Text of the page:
Facebook CEO Mark Zuckerberg  (Source: Wikipedia)
Email addresses on private accounts were visible for about 30 minutes

One of the biggest concerns for anyone online today is privacy. With more and more information about individuals ending up online, it is easy for friends and foes alike to find information about people online without the person knowing or approving of the data being made available.

Facebook is the largest social network in the world and as such, it tends to run into problems with user privacy. The company now has had another privacy issue where user emails were made viewable by the public, even address for accounts that were private. TFTS reports that late Tuesday night some sort of issue with Facebook made email address public for about 30 minutes. What caused the issue is unknown and there is no information on exactly how many of the millions of Facebook users were affected by the outage.

TFTS reports that while unconfirmed, the glitch that revealed email addresses could be a result of changes being made on the backend at Facebook to facilitate more open access to cookies for its Facebook Connect advertisers. The new Facebook Connect privacy policy will let pre-approved third-party advertisers look at Facebook cookies on users’ machine to gather information to better target ads to the user. The new feature is enabled by default and the user has to opt-out of using it if they don’t want advertisers viewing information from the cookie.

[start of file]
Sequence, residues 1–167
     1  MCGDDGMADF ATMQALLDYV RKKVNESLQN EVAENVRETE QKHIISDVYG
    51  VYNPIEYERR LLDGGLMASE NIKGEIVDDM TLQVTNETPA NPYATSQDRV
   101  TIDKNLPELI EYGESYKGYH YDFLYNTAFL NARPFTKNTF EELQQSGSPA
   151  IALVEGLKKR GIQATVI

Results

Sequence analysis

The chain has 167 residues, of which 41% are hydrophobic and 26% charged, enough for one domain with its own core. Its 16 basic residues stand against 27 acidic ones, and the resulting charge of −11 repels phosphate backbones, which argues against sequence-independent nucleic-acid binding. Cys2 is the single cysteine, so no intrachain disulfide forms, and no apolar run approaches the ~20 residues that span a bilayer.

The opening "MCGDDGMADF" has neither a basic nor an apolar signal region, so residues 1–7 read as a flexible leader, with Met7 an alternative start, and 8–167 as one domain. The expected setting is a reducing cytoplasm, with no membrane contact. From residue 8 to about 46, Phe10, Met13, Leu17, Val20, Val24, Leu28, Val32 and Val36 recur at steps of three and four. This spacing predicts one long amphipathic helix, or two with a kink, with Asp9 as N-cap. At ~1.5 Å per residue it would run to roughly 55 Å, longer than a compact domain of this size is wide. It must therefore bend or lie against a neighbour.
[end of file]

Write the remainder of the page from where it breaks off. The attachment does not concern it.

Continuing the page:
At this time, Facebook has offered no official statement on how the glitch happened or how widespread the email issue was. Reports of the email issue first started coming in via Twitter posts and Facebook status updates.

To facilitate the migration from the Facebook of today to the advertising maven that Facebook hopes to become in an effort to generate cash, changes in privacy settings are needed. In December 2009, Facebook announced serious changes to its privacy settings that made more of the information in a users profile searchable and viewable by the public. This privacy change led to outrage by many users and privacy advocates.

Facebook CEO Mark Zuckerberg stated in January that people no longer have the same expectations of privacy online. Facebook isn’t alone in privacy issues though; Google learned the hard way to ask users before it makes information available to other users when it launched Buzz. At first, the Buzz service made email histories available to a large number of users without specific permission from the account holder.

"Nowadays, security guys break the Mac every single day. Every single day, they come out with a total exploit, your machine can be taken over totally. I dare anybody to do that once a month on the Windows machine." -- Bill Gates
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